Sir — Murli Manohar Joshi, the human resources development minister, as if to prove the age-old links between power and politics, is unwilling to let go of any opportunity to augment the power he already wields (“Joshi prefers IIMs on crutches”, August 25). But it is strange that while political leaders never tire of promising the country progress and development, Joshi is moving off the beaten track. In fact, he has decided he wants to dictate the functioning and curb the powers of the Indian management institutes rather than assist their educational programmes. Knowing full well that there is no better way of curbing the autonomy of these premier institutes than by controlling their financial aid, Joshi has targeted precisely that. The changes proposed in the curriculum of the IIMs would seriously compromise their excellence, making them much like the mushrooming engineering colleges, to which students seek admission regardless of the quality of education provided. What kind of students does Joshi see benefiting from his “brilliant” idea'
Sanghamitra Basu, Calcutta
Work more, strike less
Sir — Ashok Mitra’s article, “Messiah in residence” (August 22), argues that the Indian citizen’s right to strike is a fundamental right. Mitra, like a true communist, overlooks the case of all those who are not organized under the umbrella of trade unions, such as the self-employed, unemployed, pensioners, or housewives. How are they to exercise this right, since they have nobody from whom they might collectively withdraw their labour' The right to strike turns out to belong exclusively to a certain category of workers.
Most of the workers in the unorganized sectors today are of the opinion that strikes benefit those who are already economically secure, rather than the poor and the needy. Mitra should realize that even the most socialist of governments would not meet the demand for the right to strike, because it would amount to putting into the hands of the working class weapons capable of breaking the monopoly of the ruling class.
Surajit Basak, Calcutta
Sir — In his article, Ashok Mitra cites several instances which expose the asymmetrical stance regularly adopted by the nation’s highest judiciary.
The news report, “Five-star jail for criminal netas”(August 22), is one of the numerous examples of the lack of symmetry in the Indian politics, where undertrials are denied basic human dignity and remanded in overcrowded prisons, while the convicted netas enjoy five-star facilities in the same prisons.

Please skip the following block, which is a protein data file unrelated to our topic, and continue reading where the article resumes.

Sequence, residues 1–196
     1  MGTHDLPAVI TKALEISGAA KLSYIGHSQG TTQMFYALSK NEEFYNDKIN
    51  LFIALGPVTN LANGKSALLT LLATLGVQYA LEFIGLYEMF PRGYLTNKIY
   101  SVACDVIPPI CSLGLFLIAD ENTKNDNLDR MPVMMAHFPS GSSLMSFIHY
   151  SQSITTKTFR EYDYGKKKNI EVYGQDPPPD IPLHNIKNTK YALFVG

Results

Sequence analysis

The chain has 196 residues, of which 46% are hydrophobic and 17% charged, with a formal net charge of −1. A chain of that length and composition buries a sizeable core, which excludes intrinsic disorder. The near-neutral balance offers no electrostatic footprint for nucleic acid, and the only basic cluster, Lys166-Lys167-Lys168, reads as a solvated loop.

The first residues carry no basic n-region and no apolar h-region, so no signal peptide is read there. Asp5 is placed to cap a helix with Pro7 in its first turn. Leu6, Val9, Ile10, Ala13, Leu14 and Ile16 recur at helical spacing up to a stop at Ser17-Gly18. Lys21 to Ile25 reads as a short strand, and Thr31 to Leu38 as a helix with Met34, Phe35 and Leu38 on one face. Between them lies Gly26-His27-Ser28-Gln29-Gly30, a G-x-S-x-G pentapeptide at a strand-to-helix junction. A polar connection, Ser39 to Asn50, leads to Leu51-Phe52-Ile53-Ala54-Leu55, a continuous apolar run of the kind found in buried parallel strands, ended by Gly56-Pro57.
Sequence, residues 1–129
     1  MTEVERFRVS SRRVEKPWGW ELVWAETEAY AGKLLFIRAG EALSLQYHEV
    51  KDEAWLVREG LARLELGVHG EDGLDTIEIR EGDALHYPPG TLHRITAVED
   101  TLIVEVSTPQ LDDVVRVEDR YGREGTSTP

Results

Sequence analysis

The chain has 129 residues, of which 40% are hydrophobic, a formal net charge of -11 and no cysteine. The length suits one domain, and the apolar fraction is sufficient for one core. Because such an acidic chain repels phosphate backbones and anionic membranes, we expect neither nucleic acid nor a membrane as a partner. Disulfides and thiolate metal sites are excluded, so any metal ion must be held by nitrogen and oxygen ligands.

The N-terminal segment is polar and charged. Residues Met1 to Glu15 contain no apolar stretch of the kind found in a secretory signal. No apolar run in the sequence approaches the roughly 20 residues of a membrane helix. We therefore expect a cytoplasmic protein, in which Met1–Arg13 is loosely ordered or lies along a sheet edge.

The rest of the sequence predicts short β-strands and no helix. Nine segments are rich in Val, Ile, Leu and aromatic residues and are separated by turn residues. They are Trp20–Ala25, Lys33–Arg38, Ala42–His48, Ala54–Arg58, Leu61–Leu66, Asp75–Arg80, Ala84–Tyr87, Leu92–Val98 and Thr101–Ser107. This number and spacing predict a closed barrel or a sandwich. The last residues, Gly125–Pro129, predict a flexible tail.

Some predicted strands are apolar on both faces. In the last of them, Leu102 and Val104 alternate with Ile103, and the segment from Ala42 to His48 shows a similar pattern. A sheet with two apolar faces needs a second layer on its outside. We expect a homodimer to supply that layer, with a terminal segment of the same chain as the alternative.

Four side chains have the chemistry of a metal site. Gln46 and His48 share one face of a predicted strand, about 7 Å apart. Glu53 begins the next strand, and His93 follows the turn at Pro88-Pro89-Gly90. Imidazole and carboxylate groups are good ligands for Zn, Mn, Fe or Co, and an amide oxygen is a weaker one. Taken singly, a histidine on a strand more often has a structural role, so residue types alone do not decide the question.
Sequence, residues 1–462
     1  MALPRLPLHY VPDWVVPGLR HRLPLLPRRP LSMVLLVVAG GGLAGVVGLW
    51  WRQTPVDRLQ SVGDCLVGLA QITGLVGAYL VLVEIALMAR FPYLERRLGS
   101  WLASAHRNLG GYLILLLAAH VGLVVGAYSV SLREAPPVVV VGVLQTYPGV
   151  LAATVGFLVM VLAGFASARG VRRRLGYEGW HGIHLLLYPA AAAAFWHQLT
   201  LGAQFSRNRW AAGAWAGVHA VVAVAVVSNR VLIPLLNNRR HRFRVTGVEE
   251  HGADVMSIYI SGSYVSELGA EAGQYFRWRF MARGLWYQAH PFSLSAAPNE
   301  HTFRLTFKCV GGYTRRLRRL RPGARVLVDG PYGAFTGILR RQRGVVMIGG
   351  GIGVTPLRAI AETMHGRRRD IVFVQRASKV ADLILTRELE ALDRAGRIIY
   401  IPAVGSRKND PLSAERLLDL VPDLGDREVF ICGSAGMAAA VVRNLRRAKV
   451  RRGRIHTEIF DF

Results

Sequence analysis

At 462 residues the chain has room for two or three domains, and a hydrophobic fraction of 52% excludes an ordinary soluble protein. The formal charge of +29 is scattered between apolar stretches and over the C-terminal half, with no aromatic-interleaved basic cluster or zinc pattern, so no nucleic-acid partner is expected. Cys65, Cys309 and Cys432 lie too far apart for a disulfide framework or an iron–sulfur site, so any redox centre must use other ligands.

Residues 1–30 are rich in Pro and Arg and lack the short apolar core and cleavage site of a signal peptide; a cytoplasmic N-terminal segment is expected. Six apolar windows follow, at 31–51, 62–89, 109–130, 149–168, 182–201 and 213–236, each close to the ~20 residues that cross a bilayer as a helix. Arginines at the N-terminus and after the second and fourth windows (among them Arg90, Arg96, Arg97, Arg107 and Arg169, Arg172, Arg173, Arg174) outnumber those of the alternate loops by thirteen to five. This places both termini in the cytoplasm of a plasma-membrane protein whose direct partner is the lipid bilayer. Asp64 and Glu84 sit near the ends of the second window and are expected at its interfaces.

If the Supreme Court wants to prove writers like Mitra wrong, it should immediately restore equal treatment in prisons.
Kajal Chatterjee, Sodepur
Sir — Since there are no injunctions similar to the Supreme Court’s order on strikes for lock-outs, closures, exploitation of farm workers and child labourers, or price-hike, the prevailing imbalance and inequality in society is unlikely to get corrected. After having been amply rewarded by the Supreme Court for her bold stand, J. Jayalalithaa should, as Mitra points out, pay greater attention towards arresting the sandalwood and ivory brigand, Veerappan, who has been getting away scot-free for all these years.
Phani Bhusan Saha, Balurghat
Sir — Ashok Mitra is right in observing that the fundamental rights enumerated in the Constitution are contrary when seen as a whole. The Constitution guarantees Indians the fundamental right to live but not the right to work. It is difficult to resolve the dichotomy between living but being without livelihood.
Sujit De, Sodepur
Sir — The judgment of the Supreme Court that government employees do not have the right to strike work has given a strong blow to the fundamental concepts of democracy which includes the right to protest.
Could the Supreme Court not have confined its orders to the legality or otherwise of the specific case, that of the strike by Tamil Nadu government employees, rather than going into the larger question of moral rights' The judgment also discriminates between government employees and those working in the other sectors. What about banning the routine “walk outs” by the political parties in Parliament and assemblies' Does it not amount to strike as well, stalling important legislative work and draining the exchequer'
Harchandan Singh, Calcutta
Sir — Few good moves in India are greeted with all-round applause. The Supreme Court judgment on strikes has not been either. Government employees, perhaps the most privileged group of workers, have no justification for striking work. It is just one more way of enjoying some paid holidays. They were beginning to believe that no authority in the country could penalize them. This cover of complacence has been ripped off for good.
Debjani Sinha, Calcutta
Sir — By her ruthless enforcement of existing laws, the chief minister of Tamil Nadu has been able to drive home to the highly unionized yet shirking labour force in India the message that the state can no longer be taken for granted in the settlement of disputes between employers and employees.
Since the suppression of the all-India railway strike in 1974-75 by Indira Gandhi, no other minister has been able to display so much boldness in handling a similar situation. The Supreme Court has with good reason lent her all its support. By arguing against the judgment, writers like Ashok Mitra are only serving to direct public opinion in the wrong direction.
Sadhan K. Samanta, Burdwan
Sir — For the progress of a nation, the development of work culture is very important. The sooner strikes can be curbed, the faster will be the rise in efficiency. The Supreme Court has merely made a contribution in taking the country one step ahead.
B.S. Ganesh, Bangalore